Is economic inequality related to support for redistribution? The median-voter hypothesis claims this relationship to exist. Empirical evidence, however, is still rather ambiguous. In this paper I combine cross-sectional and longitudinal methods to test whether inequality increases the demand for redistribution. From a pure economic perspective this is likely to be true. From a sociological perspective inequality might also reflect redistributive ethics or a taste for equality. By comparing cross-sectional and longitudinal effects I evaluate the value of both types of explanations. The results suggest that increasing inequality, indeed, leads to higher demand for redistribution. This relationship can be identified only within countries, while it does not hold between countries. Hence, there must be something unobserved between countries that is related to demand for redistribution and inequality. The candidates for this unobserved variable are "worlds of welfare attitudes". I employ a variety of welfare regime classification and test whether they capture the unobserved differences in demand for redistribution. The results demonstrate the limited value of the welfare regime approach with regard to the explanation of attitudes.

The Non-uniqueness Property of the Intrinsic Estimator in APC Models


The paper is published in Demography, 52(1), pp. 315 - 327.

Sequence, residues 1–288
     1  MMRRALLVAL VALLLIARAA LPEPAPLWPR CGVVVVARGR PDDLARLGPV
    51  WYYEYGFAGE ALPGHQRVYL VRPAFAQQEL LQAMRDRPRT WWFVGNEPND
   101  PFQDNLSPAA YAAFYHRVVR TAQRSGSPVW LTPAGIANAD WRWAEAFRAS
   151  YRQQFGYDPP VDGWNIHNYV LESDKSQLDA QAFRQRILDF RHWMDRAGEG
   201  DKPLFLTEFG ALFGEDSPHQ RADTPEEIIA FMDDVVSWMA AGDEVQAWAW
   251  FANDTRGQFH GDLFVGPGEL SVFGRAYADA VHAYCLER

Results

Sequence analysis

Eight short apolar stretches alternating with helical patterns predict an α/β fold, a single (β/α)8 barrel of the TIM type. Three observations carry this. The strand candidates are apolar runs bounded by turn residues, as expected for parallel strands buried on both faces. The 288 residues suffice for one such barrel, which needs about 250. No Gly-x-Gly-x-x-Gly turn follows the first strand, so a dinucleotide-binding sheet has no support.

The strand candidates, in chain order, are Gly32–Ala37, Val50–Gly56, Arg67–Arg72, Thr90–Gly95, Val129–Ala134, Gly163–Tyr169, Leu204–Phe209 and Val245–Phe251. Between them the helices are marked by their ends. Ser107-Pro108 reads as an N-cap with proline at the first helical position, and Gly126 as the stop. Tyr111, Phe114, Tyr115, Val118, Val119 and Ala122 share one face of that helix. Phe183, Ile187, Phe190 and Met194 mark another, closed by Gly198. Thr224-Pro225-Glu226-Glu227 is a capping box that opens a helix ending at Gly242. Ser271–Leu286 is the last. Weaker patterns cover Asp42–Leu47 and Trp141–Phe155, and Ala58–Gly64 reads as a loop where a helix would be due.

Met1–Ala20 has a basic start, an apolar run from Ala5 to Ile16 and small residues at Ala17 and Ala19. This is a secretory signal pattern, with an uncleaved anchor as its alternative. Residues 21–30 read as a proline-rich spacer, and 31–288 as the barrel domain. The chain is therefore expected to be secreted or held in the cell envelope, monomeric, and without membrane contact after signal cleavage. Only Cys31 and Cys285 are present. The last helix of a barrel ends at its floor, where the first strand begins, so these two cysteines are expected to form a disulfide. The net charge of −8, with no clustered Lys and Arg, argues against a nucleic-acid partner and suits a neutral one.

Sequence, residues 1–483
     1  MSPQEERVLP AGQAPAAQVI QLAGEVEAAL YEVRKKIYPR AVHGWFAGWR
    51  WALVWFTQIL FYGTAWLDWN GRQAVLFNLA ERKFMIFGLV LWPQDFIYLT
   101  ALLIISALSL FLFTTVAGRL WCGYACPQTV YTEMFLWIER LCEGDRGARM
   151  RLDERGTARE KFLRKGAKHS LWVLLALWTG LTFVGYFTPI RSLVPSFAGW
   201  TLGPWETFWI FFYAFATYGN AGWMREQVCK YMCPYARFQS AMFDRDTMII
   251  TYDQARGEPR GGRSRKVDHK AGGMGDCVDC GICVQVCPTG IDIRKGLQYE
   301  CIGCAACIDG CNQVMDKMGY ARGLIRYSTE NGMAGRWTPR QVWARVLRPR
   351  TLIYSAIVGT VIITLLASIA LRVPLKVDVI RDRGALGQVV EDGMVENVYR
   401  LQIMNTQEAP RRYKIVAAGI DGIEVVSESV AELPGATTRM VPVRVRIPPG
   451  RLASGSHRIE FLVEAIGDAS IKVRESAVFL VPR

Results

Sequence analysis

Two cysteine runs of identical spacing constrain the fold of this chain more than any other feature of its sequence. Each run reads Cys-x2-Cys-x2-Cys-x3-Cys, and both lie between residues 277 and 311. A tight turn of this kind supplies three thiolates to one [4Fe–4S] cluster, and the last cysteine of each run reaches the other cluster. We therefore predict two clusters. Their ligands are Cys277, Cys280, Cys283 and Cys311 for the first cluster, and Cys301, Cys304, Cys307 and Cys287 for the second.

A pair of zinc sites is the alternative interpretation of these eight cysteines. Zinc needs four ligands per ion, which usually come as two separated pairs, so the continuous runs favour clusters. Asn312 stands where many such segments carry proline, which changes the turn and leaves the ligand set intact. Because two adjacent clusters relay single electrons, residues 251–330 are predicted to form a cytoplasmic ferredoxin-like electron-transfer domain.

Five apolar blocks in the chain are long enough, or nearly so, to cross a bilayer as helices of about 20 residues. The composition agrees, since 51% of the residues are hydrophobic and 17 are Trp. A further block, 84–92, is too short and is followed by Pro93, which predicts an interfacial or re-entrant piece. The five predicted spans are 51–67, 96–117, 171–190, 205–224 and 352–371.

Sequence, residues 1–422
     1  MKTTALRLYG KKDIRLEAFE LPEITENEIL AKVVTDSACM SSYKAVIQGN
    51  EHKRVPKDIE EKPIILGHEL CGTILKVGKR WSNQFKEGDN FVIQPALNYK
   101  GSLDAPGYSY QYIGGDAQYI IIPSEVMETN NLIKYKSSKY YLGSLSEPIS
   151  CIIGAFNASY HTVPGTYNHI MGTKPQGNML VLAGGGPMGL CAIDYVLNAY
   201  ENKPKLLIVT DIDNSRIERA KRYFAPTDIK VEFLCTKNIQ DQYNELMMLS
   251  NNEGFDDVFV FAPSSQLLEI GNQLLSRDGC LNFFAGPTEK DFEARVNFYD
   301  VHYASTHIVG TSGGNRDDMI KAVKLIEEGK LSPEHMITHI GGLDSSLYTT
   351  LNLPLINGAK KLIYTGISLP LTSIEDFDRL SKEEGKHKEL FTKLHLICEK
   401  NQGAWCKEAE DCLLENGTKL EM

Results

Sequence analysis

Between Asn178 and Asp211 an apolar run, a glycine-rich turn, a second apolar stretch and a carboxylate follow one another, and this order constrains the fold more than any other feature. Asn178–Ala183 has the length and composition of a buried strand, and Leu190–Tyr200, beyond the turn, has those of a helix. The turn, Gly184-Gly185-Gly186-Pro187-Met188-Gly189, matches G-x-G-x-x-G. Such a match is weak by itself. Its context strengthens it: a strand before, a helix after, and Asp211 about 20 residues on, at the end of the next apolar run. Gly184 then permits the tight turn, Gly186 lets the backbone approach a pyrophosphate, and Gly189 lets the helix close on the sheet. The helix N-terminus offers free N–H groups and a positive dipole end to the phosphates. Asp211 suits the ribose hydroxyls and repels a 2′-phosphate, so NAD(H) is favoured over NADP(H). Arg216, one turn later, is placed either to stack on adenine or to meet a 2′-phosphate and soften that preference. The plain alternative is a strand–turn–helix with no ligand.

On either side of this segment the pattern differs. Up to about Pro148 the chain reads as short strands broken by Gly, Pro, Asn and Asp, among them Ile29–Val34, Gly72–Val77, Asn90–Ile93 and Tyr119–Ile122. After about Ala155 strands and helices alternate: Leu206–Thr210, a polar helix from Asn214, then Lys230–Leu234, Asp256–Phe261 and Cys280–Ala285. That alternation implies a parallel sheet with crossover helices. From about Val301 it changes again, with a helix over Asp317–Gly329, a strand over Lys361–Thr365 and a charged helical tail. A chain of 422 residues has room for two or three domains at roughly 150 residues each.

DOI: 10.1007/s13524-014-0360-3.

Together with Ben Pelzer, Manfred te Grotenhuis and Rob Eisinga. The Intrinsic Estimator has recently been proposed as a solution to the APC problem. Using formal proofs and empirical examples, we demonstrate the previously not recognized non-uniqueness of the Intrinsic Estimator. Thereby, our results pose a challenge to the usefulness of the Intrinsic Estimator. The paper has been submitted in September 2013 and was accepted for publication in Demography in September, 2014. It was published online in December 2014.

A follow-up paper has also been published in Demography.
(online first: DOI: 10.1007/s13524-016-0476-8).

Multilevel Models for Comparative Longitudinal Survey Data


Published in European Sociological Review, 32(1), pp. 23 - 38.
DOI: 10.1093/esr/jcv090.

Together with Malcolm Fairbrother. Multilevel models have become increasingly popular in the social sciences. In recent years, scholars have started to fit multilevel models to pooled cross-sectional survey data. Such data could potentially provide important information about social change and causal relationships between variables. On the other hand, such data requires to specify more complex error structures. We observe that many scholars make significant mistakes in specifying their multilevel models. We demonstrate that these misspecifications can result in seriously biased estimates and standard errors and propose how to model such data correctly. The project started in September, 2013. The paper was submitted in April, 2014 and accepted for publication in the European Sociological Review in April 2015.

Immigration and Welfare Support in Germany